This week marked the official start of autumn with the fall equinox.  In this edition of North Woods Naturalist, botanist and plant ecologist Chel Anderson talks about what she's observing in our woods and waters during the transition from summer for fall.


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Superior National Forest Update - September 25

North Shore Morning host Mark Abrahamson talks with Education and Interpretation Specialist, Steve Robertsen in this Superior National Forest update.


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Wildersmith on the Gunflint - September 25

Wildersmith on the Gunflint     by     Fred Smith
September 25, 2020    

Here we are once again; September engine 2020 has roared past Gunflint station with the old caboose a few lengths from heading off into oblivion. It’s hard to imagine we are humming the final stanza of a September song.                                                                                       

Recent days in the upper Gunflint have been splendid. Temps have bounced back from last weeks’ frostiness to more normal expectations…under smoke filtered sunshine. The warmth has even aroused some members of the insect population.                                                          

Meanwhile the smoke from those west coast infernos is caught in the jet stream and is high aloft, dimming “Sol’s beam. Luckily, to date, the usual noxious smell and ensuing air quality difficulties seem to be minimal around Wildersmith.                                                              

Like a broken record there is no good new with regard to rain since our last meeting. A few drops last Saturday morning is all we have been able to muster along the Mile O Pine, barely dampening the dust.                                                                                                                        

This in mind, a component of autumn is missing. Although color aspects are full speed ahead, the aromatics of dank earth and decaying leaves is not yet wafting through the forest. So woods users are kicking up dust and crunching a very dry landscape until “Mother Nature” opens the spigot to allow the delight of seasonal pungency.                                                                                                                                                         

While parts of the upper Trail are in varying stages of fall intensity, the Mile O Pine is beyond vivid. There is little to say that was good about the 1999 Derecho but the big blow down did allow sunshine to enable a sparse advancement of maples in places of the upper Trail.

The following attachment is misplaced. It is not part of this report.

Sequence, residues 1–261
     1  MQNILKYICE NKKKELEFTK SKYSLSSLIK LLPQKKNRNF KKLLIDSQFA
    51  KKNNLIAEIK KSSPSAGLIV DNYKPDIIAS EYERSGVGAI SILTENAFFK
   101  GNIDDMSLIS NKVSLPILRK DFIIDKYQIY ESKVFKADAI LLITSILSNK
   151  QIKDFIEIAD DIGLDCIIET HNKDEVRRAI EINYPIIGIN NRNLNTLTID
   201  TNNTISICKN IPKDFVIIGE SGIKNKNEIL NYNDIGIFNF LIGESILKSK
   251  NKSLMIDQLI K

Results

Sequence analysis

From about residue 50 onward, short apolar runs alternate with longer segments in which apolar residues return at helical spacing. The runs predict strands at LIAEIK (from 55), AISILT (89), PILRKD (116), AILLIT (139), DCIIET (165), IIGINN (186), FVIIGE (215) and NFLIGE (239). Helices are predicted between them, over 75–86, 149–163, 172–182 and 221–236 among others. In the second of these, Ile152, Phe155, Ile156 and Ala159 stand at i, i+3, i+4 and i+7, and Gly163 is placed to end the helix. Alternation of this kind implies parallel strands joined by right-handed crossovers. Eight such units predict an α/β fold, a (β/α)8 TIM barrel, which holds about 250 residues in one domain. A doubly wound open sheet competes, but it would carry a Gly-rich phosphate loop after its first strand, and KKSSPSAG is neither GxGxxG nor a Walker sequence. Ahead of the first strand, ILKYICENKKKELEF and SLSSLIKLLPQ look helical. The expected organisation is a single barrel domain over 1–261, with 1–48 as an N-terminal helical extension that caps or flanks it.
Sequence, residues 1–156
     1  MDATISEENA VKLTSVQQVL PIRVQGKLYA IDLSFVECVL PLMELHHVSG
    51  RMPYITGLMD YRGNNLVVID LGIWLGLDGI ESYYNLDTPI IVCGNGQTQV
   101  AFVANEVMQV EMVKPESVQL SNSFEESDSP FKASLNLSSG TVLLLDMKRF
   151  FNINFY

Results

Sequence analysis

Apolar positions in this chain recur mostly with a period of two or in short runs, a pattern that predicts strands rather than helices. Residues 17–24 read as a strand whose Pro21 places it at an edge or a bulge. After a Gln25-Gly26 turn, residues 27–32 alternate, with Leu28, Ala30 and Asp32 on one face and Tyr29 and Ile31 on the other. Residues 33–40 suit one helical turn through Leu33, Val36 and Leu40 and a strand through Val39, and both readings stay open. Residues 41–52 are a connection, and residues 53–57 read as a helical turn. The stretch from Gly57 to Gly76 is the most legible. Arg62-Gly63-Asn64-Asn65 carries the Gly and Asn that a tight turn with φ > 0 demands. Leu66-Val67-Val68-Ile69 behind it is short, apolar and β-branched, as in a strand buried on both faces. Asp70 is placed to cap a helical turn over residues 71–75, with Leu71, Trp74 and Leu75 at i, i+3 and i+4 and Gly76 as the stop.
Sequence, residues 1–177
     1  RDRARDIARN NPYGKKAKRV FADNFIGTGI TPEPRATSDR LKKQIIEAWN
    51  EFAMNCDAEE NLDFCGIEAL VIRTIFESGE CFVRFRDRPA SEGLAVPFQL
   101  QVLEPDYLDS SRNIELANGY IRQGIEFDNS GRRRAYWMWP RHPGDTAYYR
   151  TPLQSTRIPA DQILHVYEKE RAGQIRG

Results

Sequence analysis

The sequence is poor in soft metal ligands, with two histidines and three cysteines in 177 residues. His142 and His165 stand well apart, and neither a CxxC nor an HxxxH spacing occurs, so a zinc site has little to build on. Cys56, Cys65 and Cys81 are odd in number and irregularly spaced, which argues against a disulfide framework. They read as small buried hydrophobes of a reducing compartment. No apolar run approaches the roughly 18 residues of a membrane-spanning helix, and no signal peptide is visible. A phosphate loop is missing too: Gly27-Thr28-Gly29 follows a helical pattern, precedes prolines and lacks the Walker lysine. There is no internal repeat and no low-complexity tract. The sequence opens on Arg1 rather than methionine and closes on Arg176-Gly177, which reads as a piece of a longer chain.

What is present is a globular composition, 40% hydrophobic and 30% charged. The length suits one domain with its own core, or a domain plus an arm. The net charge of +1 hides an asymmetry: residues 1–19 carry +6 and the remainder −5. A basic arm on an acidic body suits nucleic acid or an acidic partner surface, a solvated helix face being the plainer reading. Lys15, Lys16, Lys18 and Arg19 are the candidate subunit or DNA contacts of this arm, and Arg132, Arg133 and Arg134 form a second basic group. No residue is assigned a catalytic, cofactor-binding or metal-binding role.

Twenty plus years later, we are beyond the spoils of the tragedy as scarlet beauties are on fire. The crimson is mingled with oranges and golds against the evergreen back drop in a breath taking mosaic. Every day seems to get a little brighter and in the words of distinguished… Phenologist and educator Larry Weber they are “tree---mendous!                        

All who live along similar pristine pathways are enjoying gift while it lasts’. Knowing this awesome happening is short lived, unfortunately, a melancholy end to this spectacle is in the cards.                                                                                                                                                    

Some tokens of gold and rust have already started to descend from their summer connection, and are being windrowed by the few passing neighborhood vehicles. The array of golden rows along the roadway brings to mind that our back country pathways will be outlined in white after a few more weeks are recorded.                                                                                                                                                            
Earlier in our week, stiff breezes created a mini blizzard of coniferous needles. These elder generation needles are adding another layer of landscape carpeting to the “duff” accumulation of thousands of years. Talk about plush!                                                                                                                                            

The rut is on in “moosedom.” Over in the Iron lake area, some grouse hunters reported a first sign setting the stage for establishing territory and attracting attention of a member of the fairer gender. They came upon an area of tree bark scrapes and a lot of hoof prints crushing the surrounding brush. Ungulate romance is in the air!                                                    

Speaking of grouse, good reports are coming in from hunters on their first weekend, and DNR information tells of many successes for bear chasers as well.                                                                                      

The Gunflint Community is saying good bye to a family of historical renown. Bruce Kerfoot, son of the iconic Justine, and wife Sue are departing the North woods next week. Bruce who has lived on the Gunflint Trail since birth, and Sue will be moving south into Missouri, establishing new residency near son Robert and his family.                                                   

Legends of the Kerfoot family date back to the 1920’s, and Bruce has observed Gunflint Trail history unfold on a daily basis for all of his eight decades living around and operating Gunflint Lodge.                                                                                                                                               
Both Bruce and Sue are living chapters of Gunflint Trail history. And, their contributions to the Gunflint Community are uncountable.                                                                                                                                                                     

While they plan to winter in their new digs to the south, I’m told they plan on summers back on the Trail. So they will continue ties with many old friends and neighbors.                                                  

The Gunflint Community wishes them the best in their new life endeavors and always welcomes them back to their place of many memories!                                                                             

For WTIP, this is Wildersmith, along the Gunflint Trail, where every day is great, as “Mother Nature” whispers “can do” with confidence.



Superior Reviews - Lin Salisbury "The Land"

In this edition of "Superior Reviews", Lin Salisbury reviews Thomas Maltman's book "The Land".